Almost everyone loves chocolate and this is but one of the factors that has caused production in the country of cacao to begin a slow recovery over the last five years. The other is that quality of the local product is improving, reports the newspaper La Nacion.
In the 1970s, a plague of the fungus monilia swept the cacao producing areas of the country with devastating results. Many farmers abandoned the crop completely.
Since then, monilia-resistent strains have been developed and planted. Some farmers have deserted the crop that once covered 20,000 hectares of the Caribbean slope’s hot, humid areas but new ones have shown willingness to take a chance on it.
Costa Rican cacao does not reach the quality of its coffee but is high, although only some 10% of it qualifies as gourmet. But that part of the crop has given birth to at least one small confectioner with a thriving on-line business, Chocolates Sibu.
Moreover, Cafe Britt, famous for its excellent marketing tactics for its high quality roasted coffees, is targeting chocolate production for its next investment, according to CEO Pablo Vargas. He plans to install special machinery at Barva de Heredia.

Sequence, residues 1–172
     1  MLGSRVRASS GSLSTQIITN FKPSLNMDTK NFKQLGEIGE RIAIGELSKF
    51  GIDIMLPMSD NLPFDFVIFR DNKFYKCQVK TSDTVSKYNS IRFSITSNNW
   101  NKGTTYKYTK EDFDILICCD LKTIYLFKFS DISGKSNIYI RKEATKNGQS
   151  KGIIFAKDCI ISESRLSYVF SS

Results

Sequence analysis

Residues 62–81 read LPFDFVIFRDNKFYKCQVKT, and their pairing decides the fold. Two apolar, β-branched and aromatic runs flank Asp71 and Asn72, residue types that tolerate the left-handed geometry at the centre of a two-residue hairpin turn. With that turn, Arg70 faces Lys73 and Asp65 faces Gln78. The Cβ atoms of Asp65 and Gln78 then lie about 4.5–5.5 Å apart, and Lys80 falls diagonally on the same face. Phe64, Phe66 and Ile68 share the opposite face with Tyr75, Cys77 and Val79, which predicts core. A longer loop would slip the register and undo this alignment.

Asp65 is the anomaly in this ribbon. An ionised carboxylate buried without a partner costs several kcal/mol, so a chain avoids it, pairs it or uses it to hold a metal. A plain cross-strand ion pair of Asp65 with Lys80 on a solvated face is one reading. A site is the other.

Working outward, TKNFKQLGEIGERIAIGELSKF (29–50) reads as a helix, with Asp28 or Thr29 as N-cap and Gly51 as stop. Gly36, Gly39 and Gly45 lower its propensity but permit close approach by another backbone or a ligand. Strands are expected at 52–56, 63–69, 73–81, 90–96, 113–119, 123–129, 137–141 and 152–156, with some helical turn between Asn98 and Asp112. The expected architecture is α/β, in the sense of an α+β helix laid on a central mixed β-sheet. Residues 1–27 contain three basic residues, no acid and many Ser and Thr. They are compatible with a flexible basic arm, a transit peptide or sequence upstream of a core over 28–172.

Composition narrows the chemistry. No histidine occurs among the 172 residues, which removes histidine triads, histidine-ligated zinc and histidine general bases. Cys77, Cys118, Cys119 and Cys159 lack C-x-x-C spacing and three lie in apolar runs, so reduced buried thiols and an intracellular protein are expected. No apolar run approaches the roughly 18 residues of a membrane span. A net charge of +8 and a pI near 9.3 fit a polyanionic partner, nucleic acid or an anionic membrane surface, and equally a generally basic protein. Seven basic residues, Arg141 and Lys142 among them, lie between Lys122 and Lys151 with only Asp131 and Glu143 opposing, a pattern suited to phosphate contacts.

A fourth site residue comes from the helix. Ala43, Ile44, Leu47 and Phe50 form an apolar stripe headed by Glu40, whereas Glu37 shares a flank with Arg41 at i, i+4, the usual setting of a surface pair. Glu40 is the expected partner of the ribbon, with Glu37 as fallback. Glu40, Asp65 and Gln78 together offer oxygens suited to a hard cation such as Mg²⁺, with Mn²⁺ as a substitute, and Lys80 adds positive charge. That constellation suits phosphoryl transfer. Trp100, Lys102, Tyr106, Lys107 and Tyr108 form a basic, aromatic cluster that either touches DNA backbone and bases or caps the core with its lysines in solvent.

Martin Chacon, manager of the largest cacao processor in the country, also would like to see more farmers going back into production. He acknowledges that new farms have popped up in Los Chiles and San Carlos but says it is just a drop in the bucket.
At full scale production, his plant can turn out 540 tons per month but the country’s production barely makes 700 tons per year.
Chocolates Sibu is, almost completely alone in the world, a candy maker whose product is 100% organic. One of the partners in the firm, Julio Fernandez, told La Nacion that the firm only buys from 15 Pococi farmers with a Rainforest Alliance social certificate and one from Eko-logica promising organic purity.
Sibu has one other distinction: It is a workshop with low production, mainly producing an exquisite product by hand. It has stubbornly rejected efforts by investors eager to turn the plant into a enlarged mass production facility.